Human Science open forums conclude

Stephan Wilson, dean of the College of Human Sciences at Oklahoma State University spoke at an open forum in Bessey Hall April 5. Wilson is one of three candidates in the running for the dean of Iowa State’s College of Human Sciences. 

Jake Dalbey

The final dean of the College of Human Sciences open forums took place Tuesday at Bessey Hall, introducing Stephan Wilson to the list of three possible candidates.

Wilson, dean of the College of Human Sciences at Oklahoma State since 2008, was asked to speak about challenges and opportunities for the human sciences department as well as how these issues could be addressed now and in the near future. Taking a different approach to his presentation than the previous candidates, Wilson framed several statements toward the audience and proceeded to provide insight to the questions.

Wilson introduced the theme of a global learning effort, which was mentioned several times during the forum. Given the general goal of helping that is involved with human sciences, Wilson sees a more community-driven curriculum as the future for the program.

“I would argue that a majority of the learning in this program should be done outside the classroom,” Wilson said. “This could be done through internships, mentoring and volunteering.”

Through this broader learning system, self reflection and discovery can be achieved and remove students from their personal comfort zones. Wilson jokingly referred to a college trip he supervised in Kenya, where the the only staff member to receive the West Nile virus contracted it while back home, effectively removing the notion of a divided world.

Referencing today’s advancing technology as an asset to the human sciences world, Wilson believes epidemics and problems in the near future world can be fixed by anyone willing to put in the work.

“We have the scientific and technological advancements in the world where everyone can access water and info, but it’s not there yet,” Wilson said. “We don’t have the education to make these realities true. We are in a place where we are on the brink of eradicating famine and disease, but it is calling for new advancements in human sciences.”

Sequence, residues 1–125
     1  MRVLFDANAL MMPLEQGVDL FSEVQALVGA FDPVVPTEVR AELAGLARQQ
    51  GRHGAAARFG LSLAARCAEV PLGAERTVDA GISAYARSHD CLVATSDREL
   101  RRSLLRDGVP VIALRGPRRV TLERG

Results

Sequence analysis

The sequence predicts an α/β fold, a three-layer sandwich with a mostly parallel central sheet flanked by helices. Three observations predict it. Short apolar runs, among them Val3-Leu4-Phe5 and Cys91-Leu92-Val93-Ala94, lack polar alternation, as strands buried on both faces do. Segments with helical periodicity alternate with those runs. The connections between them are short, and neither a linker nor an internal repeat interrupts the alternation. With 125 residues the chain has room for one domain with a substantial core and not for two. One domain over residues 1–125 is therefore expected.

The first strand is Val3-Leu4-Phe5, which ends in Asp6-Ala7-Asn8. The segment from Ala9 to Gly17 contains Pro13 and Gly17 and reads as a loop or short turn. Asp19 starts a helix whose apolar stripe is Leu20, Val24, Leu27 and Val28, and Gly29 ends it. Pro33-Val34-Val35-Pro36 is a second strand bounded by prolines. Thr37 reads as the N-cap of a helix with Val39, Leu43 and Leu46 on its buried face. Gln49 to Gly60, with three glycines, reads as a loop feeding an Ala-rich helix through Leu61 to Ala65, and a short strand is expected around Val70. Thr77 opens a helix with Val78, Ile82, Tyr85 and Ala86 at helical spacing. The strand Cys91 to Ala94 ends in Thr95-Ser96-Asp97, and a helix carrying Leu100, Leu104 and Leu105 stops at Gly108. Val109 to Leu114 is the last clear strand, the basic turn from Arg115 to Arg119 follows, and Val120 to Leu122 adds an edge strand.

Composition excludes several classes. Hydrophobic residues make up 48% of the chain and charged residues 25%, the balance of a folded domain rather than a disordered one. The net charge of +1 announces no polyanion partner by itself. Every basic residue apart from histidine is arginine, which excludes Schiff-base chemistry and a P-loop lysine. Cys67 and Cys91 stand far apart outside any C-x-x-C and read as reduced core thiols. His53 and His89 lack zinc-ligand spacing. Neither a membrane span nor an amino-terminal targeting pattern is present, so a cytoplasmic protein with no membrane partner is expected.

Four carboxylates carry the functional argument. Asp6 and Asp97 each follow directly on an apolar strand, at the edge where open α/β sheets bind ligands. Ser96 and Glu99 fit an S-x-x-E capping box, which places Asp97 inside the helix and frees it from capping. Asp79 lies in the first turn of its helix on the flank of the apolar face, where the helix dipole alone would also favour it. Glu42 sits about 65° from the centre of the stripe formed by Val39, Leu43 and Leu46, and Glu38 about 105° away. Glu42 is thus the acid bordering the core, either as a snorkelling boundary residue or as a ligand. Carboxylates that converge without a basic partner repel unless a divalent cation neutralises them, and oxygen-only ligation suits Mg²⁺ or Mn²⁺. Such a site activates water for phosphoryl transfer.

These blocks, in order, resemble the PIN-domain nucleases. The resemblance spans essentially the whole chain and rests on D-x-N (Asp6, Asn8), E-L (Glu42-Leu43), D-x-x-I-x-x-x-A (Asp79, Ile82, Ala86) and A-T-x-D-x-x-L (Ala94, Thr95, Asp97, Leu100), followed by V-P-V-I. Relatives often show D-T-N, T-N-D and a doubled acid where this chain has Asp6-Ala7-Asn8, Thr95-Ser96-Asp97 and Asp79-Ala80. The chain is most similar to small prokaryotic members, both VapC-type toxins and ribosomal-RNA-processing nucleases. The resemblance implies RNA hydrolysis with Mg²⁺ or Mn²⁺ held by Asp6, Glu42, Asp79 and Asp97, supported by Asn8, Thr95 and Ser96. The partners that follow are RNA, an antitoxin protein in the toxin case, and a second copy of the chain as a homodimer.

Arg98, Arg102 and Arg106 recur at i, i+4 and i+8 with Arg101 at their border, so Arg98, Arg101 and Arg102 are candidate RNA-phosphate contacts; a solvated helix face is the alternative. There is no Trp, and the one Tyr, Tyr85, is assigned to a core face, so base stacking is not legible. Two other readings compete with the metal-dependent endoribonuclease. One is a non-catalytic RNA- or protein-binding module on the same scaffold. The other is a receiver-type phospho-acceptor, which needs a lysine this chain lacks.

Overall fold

Bill Gates’s Omni Processor, which can turn feces and urine into drinking water, was referenced as a device that could change the world for many but was thought of as impossible for a very long time before innovation met opportunity.

Student diversity and inclusion, and more specifically how Wilson would be able to tackle the job, were brought to light during the open forum.

“Historically, diversity used to be about filling checkmarks, and it has changed to just believing that it’s the right thing to do,” Wilson said. ”We need to have deans who are willing to stand up to things that are not right. There needs to be evidence of gay, muslim, colored, etc. students.”

Inclusion will still remain a difficult task for Wilson given the changing volume and variety of ISU students. 

“Inclusion is hard as it’s always evolving given the changing type of students every year, but it’s important to do,” Wilson said.

Ending on a similar note, Wilson said he believes one of the most important improvements to student life on campus is decreasing the amount of time needed to complete an undergraduate degree. Oklahoma State, Wilson’s current school, has students complete degrees in Human Sciences in as many as eight years, which does not fare well for the wallet.

“We need to be turning our heads to degree completion time,” Wilson said. “For several years we’ve been reporting a six-year graduation rate. We have to put some pressure on our students. It is in their best interest to get out of here early. Their priority is to be a student and get out early. those who stay eight to nine years are taking up spots that other undergrads could be taking.”